January 12 2012 12:51PM
As someone that's worked the mathier side of hockey analysis for a few years, I've become inured to seeing players with shiny boxcar numbers get lauded while players labouring under difficult circumstances get ignored. It's the way things have always worked in the hockey media, and despite the occasional mention of underlying numbers from guys like Elliotte Friedman, the use of advanced stats still is out there on the fringes.
With that in mind, this morning's column from Gary Lawless mentioning, amongst other things, that Jonathan Toews was his pick from the Selke was pretty much exactly what I expected. I realize that the Selke has evolved into an award given to really good offensive players that can find their own end without the aid of a GPS, so the fact that players in the recent past like Frans Nielsen have received the bum's rush is unfortunate, but unsurprising.
I have a bit of a harder time with the perpetual lauding that Toews gets in that regard, however. Toews is a terrific player any team would want, but a player who, contrary to Lawless' assertion, doesn't routinely play the other team's toughs and also enjoys ZoneStart numbers north of 60% likely hasn't any business being in the Selke conversation. Again, wonderful player, but he's been getting pretty generous treatment from Joel Quennville several years running.
The guy that wasn't mentioned in that story, and a player fresh off a snub for the league's showcase event in Ottawa later this month, is someone whose performance merits a closer look. The St. Louis Blues have become one of the league's powerhouses this season, a dominant out-shooting club at EV that have reached equal status with Detroit and Chicago, and anyone paying any attention at all should be able to identify the guy that's made the leap from good player to elite.
David Backes isn't exactly an unknown quantity, obviously. He was terrific on the 2010 U.S. Olympic team, and even as St. Louis has missed the post-season over the last couple of years, he's been widely acknowledged as a very solid pro.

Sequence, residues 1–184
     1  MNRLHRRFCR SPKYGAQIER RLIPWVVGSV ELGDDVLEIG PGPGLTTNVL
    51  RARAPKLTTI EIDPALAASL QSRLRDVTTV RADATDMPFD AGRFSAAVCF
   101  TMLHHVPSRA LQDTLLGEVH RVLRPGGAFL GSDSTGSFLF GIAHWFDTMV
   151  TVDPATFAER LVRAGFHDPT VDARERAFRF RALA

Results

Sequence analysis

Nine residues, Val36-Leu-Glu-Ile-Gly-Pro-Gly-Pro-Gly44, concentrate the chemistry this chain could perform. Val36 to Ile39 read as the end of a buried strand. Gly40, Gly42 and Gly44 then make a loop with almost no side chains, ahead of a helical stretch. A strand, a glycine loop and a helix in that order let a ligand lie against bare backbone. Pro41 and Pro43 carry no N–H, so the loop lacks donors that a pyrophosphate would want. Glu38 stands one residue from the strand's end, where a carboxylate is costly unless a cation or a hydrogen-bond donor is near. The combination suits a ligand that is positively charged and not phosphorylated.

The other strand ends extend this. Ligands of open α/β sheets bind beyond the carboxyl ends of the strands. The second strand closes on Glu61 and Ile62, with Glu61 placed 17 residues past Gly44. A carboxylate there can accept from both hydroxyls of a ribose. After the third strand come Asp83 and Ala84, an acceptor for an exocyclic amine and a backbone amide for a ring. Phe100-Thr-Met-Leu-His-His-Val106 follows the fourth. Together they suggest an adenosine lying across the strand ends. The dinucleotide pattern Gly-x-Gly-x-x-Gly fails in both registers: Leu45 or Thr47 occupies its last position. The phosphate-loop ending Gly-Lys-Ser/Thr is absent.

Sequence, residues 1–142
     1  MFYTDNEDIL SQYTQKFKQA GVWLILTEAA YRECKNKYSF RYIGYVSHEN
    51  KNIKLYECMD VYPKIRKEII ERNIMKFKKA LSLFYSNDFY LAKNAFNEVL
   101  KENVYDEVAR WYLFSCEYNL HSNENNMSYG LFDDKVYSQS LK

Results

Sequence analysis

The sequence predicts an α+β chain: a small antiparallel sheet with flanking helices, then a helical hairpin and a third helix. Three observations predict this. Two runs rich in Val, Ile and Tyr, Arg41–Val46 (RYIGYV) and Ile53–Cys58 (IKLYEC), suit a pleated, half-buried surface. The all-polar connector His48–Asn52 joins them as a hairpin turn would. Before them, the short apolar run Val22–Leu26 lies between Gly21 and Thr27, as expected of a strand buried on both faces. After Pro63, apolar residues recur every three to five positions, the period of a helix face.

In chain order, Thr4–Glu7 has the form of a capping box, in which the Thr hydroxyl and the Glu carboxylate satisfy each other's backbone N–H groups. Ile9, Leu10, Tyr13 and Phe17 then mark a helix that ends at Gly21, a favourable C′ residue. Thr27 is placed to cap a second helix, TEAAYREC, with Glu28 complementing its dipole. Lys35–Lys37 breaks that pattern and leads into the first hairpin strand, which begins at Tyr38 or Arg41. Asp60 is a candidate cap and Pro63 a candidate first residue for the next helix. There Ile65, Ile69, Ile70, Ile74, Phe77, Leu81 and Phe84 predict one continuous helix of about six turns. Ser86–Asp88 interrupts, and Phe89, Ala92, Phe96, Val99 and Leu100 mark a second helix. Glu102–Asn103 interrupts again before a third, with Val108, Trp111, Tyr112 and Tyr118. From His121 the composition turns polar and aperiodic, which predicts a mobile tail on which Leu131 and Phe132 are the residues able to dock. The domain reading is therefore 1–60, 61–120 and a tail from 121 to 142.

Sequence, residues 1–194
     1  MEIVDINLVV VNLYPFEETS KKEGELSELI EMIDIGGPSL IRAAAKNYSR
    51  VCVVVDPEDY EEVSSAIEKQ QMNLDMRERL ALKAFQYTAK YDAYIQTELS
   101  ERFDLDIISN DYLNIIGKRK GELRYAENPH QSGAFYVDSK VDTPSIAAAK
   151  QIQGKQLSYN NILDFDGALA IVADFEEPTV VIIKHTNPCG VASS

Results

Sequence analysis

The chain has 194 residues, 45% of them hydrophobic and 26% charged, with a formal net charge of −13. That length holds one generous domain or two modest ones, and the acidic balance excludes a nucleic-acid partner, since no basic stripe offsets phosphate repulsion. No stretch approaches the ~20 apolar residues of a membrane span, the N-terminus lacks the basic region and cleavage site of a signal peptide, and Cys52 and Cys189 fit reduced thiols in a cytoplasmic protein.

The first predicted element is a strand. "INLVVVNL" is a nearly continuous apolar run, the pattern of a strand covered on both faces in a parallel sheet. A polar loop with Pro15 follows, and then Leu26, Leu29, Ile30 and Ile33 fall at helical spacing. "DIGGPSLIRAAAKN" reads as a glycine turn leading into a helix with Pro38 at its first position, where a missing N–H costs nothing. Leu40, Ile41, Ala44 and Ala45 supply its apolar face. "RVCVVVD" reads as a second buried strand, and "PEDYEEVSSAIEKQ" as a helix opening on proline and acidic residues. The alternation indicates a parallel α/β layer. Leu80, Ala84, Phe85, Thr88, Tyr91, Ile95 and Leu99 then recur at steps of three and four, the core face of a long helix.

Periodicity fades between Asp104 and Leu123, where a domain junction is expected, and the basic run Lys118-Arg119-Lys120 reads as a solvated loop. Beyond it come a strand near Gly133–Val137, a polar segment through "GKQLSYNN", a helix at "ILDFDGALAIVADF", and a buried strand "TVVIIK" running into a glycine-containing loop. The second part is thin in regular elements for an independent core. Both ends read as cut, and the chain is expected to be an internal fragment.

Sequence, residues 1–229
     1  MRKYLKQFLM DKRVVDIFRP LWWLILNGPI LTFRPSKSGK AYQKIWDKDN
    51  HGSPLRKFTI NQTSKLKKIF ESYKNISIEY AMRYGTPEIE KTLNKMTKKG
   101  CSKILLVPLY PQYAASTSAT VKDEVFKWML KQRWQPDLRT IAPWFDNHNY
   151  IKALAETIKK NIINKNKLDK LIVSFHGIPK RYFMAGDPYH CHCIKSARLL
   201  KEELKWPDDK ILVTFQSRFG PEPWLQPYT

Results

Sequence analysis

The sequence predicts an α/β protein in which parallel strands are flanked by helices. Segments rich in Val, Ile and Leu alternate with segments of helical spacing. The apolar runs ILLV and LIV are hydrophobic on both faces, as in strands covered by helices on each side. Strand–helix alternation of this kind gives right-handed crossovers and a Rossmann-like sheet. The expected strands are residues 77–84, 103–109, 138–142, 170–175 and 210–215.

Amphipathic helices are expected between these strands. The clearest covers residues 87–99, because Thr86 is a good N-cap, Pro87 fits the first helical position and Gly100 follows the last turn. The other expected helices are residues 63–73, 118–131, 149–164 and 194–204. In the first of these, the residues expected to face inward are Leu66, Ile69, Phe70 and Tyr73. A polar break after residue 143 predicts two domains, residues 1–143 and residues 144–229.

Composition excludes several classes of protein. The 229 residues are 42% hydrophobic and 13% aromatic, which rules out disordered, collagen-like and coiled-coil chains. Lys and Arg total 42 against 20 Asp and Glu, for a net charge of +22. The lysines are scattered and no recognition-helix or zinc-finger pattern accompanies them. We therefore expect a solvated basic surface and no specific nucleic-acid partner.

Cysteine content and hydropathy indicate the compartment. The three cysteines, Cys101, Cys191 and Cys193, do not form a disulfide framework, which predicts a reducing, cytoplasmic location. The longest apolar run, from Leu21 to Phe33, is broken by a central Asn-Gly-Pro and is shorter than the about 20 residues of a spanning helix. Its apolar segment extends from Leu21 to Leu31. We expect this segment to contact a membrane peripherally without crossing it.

This season, though, Backes is performing at a very high level in all phases of the game, and it's my view that his progression is driving the Blues' move from a OK team at EV to becoming a club sporting the second best Fenwick tied in the NHL, just behind the Red Wings.
Let's run the numbers, then. First, from Behind the Net, here are his 5v5 stats, with his team rankings where applicable. For comparative purposes, I've included similar stats for Patrice Bergeron, Ryan Kesler, and Jonathan Toews:
|Corsi On||Corsi Rel||ZoneStart%||CorsiRelQoC||PDO|
|Backes||17.59-2nd||13.7-2nd||49.7-4th toughest||2nd toughest||101.3-6th best|
|Bergeron||14.84-5th||11.7-4th||45.5-3rd||2nd toughest||106.7-5th best|
|Kesler||18.59-5th||15.8-5th||48.8-8th||7th toughest||102.6-3rd best|
|Toews||13.67-3rd||13.1-1st||61.4-8th||4th toughest||100.0-6th best|
Backes and Bergeron really stand out here, in my view. Both get tough comp, aren't particularly aided by easier starting postions, and can still knock it out of the park. Kesler's world is made markedly easier by the fact that Alain Vigneault buries Manny Malhotra, and Toews gets equal benefit from the manner that Joel Quennville uses David Bolland. As an aside, those Bruin PDOs are off the planet. Unless Claude Julien has invented a new way to play hockey, they're likely due for a regression all the way down from exceptional to merely excellent.